Occasional smoking is not safe, so “we really need to have a conversation” with whoever thinks otherwise, notes Dave Dobbins. He heads research and public education at Legacy, a group based in Washington, D.C. It encourages teens to reject tobacco. ”Intermittent smoking carries substantial risks,” Dobbins explains. These include the chance that light use will progress to heavier smoking. “We explain to kids that light smoking is smoking,” says Dobbins, who was not connected with the study. And, he adds, his group points out that the “dangers kick in right away.”

Adults who are light or intermittent smokers are those most willing and able to quit, Amrock and Weitzman note. Most smokers start by age 18. That’s why the NYU School of Medicine researchers suggest anti-smoking efforts should target youth who today are only light or occasional smokers.

The good news: Cigarette smoking among American teens has been falling. The bad news: Teen use of other tobacco products is on the rise. That’s the finding of a second new study, due out in the March Pediatrics.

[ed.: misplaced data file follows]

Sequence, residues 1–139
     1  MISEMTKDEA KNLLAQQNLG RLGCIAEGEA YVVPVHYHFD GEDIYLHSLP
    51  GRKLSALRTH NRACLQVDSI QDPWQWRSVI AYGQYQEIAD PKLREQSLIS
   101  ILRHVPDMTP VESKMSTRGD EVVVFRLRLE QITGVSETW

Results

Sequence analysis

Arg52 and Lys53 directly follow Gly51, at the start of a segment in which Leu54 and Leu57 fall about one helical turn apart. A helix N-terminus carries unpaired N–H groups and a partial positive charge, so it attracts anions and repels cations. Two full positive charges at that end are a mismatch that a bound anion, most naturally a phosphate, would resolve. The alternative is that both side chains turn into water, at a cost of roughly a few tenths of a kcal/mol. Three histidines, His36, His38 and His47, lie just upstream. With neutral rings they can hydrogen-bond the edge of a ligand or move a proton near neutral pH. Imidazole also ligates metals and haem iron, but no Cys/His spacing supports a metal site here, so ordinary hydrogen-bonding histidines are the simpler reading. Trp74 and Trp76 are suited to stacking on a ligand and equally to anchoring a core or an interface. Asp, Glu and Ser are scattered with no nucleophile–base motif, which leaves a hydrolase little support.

Youn Ok Lee works at RTI International in Research Triangle Park, N.C. Her team also mined data from the 2012 National Youth Tobacco Survey. In 2012, more than 1 in 5 American teens — at least 20 percent — used tobacco products, they found. These expose kids to nicotine. And nicotine is an addictive drug.

But only 4 percent of these kids got their nicotine solely from cigarettes. At least twice as many teen smokers also use some other tobacco product. Among these: cigars, chewing tobacco, snuff, hookahs and electronic cigarettes. This use of two or more tobacco products “should be a concern to the health community,” Lee’s team says. At a minimum, the extra exposure to nicotine increases a teen’s risk of becoming addicted.